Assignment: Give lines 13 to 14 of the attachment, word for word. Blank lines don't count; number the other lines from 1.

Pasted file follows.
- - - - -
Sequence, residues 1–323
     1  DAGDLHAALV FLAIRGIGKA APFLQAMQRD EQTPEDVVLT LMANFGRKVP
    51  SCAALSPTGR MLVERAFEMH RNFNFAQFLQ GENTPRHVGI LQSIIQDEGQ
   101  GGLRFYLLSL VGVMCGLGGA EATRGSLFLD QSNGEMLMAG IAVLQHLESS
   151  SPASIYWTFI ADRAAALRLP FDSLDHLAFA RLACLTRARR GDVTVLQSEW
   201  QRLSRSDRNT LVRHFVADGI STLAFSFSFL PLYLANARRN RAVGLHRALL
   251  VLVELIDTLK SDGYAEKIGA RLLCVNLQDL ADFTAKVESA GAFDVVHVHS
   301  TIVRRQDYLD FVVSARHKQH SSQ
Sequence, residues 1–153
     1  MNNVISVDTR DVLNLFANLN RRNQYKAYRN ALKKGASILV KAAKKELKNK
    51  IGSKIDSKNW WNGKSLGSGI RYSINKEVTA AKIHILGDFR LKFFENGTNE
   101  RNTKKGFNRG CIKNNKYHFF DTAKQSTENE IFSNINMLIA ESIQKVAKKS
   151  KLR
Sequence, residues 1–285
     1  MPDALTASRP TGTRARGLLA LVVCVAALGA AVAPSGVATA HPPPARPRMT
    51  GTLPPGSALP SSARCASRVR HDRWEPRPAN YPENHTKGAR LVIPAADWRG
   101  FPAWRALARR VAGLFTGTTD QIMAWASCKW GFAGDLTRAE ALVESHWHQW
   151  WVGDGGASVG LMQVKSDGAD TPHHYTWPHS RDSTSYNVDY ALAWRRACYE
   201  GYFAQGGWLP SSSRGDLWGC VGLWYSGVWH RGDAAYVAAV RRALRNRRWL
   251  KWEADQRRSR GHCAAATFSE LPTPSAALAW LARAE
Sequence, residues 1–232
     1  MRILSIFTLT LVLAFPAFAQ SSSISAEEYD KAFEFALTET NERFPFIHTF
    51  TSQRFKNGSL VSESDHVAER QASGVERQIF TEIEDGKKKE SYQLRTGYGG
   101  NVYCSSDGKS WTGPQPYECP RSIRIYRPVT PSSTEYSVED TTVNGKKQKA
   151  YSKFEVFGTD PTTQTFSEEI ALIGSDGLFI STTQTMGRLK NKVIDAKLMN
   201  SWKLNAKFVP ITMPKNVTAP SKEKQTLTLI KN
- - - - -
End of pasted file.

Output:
   151  KLR
Sequence, residues 1–285